Pollution threat looms large over Western Jamuna Canal

Municipal Corporation, Yamunanagar-Jagadhri, Municipal Committee, Radaur, and several gram panchayats of Yamunanagar district are polluting the water of Western Jamuna Canal (WJC) by flowing domestic effluent in its water.

Pollution threat looms large over Western Jamuna Canal

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Shiv Kumar Sharma

Municipal Corporation, Yamunanagar-Jagadhri, Municipal Committee, Radaur, and several gram panchayats of Yamunanagar district are polluting the water of Western Jamuna Canal (WJC) by flowing domestic effluent in its water.

The water of this canal is supplied to several districts of Southern Haryana, where it fulfils the requirement of drinking water of people and irrigation. Besides, its water is also supplied to Delhi to meet drinking water requirement of the residents of the national capital. As per a report sent to the office of River Yamuna Monitoring Committee, Haryana, at Gurugram by the authorities of Irrigation and Water Resources Department, Yamunanagar, in March 2019, about 100 cusecs of domestic effluent (over 2,800 litre discharge per second) is being flown in the WJC in Yamunanagar district.

The report says the domestic effluent including sewage and water of sewage treatment plants is being flown in the WJC at 19 places in villages as well as the urban areas of Yamunanagar district.

Several nullahs don’t have screens set up to stop garbage from entering the canal. At some nullahs, the screens have been installed but are choked with garbage.

Haridev Kamboj, Executive Engineer, Water Services Division, Dadupur, Head of Yamunanagar district, says the supply of treated and untreated water in WJC is completely banned, as it pollutes its water.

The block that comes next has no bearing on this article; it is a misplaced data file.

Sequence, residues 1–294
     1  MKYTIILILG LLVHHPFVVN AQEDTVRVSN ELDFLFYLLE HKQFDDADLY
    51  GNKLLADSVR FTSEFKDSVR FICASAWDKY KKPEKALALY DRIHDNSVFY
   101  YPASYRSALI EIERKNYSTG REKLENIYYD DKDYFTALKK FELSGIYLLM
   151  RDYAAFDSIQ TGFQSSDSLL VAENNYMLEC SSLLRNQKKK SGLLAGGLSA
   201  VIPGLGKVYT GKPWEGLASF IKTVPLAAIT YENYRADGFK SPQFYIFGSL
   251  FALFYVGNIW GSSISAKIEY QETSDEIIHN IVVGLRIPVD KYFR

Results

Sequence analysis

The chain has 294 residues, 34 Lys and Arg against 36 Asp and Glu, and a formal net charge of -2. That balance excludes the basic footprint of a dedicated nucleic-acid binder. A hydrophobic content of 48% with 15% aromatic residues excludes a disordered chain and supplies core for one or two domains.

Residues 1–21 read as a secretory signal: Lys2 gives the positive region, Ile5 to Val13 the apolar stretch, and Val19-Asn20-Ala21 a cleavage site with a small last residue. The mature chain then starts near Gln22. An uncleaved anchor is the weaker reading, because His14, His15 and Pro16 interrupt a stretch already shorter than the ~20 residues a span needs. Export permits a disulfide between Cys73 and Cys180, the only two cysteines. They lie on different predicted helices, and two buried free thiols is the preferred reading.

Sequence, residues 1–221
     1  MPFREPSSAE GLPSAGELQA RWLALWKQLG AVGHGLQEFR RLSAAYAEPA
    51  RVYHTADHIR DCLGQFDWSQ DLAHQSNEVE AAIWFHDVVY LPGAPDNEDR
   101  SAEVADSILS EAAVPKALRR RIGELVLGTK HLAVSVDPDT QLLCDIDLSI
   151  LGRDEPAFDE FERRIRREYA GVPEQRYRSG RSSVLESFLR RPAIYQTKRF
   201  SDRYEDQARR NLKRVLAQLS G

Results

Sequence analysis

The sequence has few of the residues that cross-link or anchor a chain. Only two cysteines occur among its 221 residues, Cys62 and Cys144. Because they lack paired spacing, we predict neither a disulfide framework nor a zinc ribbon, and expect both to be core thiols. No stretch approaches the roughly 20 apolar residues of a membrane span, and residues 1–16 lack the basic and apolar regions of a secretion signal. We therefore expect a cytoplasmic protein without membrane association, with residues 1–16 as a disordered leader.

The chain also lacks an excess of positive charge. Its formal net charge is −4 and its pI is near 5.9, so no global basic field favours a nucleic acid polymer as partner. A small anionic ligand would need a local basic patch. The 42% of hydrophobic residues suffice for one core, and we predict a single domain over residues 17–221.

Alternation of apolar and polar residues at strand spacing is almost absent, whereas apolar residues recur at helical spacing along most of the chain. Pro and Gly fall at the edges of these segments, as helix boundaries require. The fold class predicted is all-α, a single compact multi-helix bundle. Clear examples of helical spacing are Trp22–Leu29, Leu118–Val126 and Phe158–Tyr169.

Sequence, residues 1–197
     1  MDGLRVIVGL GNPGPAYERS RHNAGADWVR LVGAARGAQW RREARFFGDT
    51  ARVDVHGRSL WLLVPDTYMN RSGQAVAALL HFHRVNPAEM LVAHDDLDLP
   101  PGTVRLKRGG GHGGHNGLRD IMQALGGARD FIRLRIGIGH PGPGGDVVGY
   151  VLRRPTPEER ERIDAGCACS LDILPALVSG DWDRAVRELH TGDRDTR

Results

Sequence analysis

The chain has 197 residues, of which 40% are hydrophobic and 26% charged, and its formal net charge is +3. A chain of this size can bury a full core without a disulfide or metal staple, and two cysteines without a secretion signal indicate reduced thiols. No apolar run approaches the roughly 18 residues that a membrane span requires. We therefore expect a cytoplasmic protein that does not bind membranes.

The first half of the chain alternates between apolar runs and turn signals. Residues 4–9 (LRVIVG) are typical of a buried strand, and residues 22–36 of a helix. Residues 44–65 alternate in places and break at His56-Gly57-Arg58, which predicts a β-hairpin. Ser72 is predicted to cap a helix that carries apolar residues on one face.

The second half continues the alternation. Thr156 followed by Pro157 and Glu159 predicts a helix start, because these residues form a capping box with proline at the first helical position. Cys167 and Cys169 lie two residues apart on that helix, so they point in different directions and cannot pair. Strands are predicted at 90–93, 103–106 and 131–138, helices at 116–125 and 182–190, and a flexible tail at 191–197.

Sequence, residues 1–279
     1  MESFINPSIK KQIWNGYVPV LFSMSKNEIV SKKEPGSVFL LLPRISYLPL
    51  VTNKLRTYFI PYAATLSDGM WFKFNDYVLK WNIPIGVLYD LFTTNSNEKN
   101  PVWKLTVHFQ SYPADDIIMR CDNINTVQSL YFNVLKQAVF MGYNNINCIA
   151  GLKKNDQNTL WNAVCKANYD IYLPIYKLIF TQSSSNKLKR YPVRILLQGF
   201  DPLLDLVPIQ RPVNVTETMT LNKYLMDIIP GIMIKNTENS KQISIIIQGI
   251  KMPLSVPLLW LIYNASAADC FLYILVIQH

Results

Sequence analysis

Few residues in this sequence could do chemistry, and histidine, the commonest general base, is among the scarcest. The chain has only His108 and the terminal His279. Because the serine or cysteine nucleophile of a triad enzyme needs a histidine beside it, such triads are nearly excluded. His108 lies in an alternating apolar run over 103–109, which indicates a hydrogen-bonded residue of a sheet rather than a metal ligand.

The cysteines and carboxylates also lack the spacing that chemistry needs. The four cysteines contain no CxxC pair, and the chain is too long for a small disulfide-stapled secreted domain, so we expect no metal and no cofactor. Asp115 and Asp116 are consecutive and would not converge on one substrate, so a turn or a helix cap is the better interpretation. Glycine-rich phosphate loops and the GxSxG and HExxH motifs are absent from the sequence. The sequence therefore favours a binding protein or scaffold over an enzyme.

“As per the October 7, 2016, notification of the Ministry of Water Resources, River Development and Ganga Rejuvenation, no person shall discharge, directly or indirectly, any untreated sewage or sewage sludge into the River Ganga or its tributaries (Yamuna river and WJC is fed by the Yamuna) or its banks,” says Kamboj.

The authorities of the Irrigation and Water Resources Department have issued notices to Municipal Corporation, Yamunanagar-Jagadhri, Municipal Committee, Radaur, Block Development and Panchayat Officers (BDPOs), Radaur, Jagadhri and Chhachhrauli and Executive Engineer (XEN) of Public Health Engineering Department several times, but in vain.

“I have repeatedly issued notices to the authorities of civic bodies of Yamunanagar, Jagadhri and Radaur and BDPOs of Radaur, Jagadhri and Chhachhrauli and XEN of Public Health Engineering Department under Section 58 of the Haryana Canal and Drainage Act, 1974, to stop the discharge of domestic effluent in WJC,” says Kamboj.

He said he has issued them notices in October 2019, too, with directions not to discharge domestic effluent in the WJC. According to information, the water carrying capacity of the WJC is 18,000 cusecs and it fulfils more than 50 per cent requirement of irrigation and drinking water of Haryana. Dr KR Bhardwaj, a retired Associate Professor of botany department from MLN College, Yamunanagar, and president of Society of Environment Management and Bio-Research (an NGO), said the Western Jamuna Canal is the lifeline of Haryana because it is a major source for irrigation of agricultural land in Haryana. Besides, it supplies drinking water to Delhi.

“Crores of human beings along with animals and water-based living organism including fish, turtles and snakes among others are purely dependent upon WJC water for drinking, irrigation of agricultural land, fishing as well as other water-based activities. Therefore, pure water supply is the need for survival of millions of human beings,” said Dr Bhardwaj.

He said twin city Yamunanagar-Jagadhri and other small towns and villages of Yamunanagar district are badly polluting the WJC discharging sewage laced with industrial pollutants containing all types of heavy metals, remains of pesticides, bacteria, virus and other poisoning chemicals, putting the lives of millions of people at risk.

“We need effluent treatment plants of 130 MLD capacity. But the existing ETP and Sewerage Treatment Plants are less than 50 MLD capacity in Yamunanagar and Jagadhri, which are inadequate to match the requirement of this area to treat the polluted water. Besides, the treated water should be used for irrigation and other requirements instead of releasing it into WJC,” he said.

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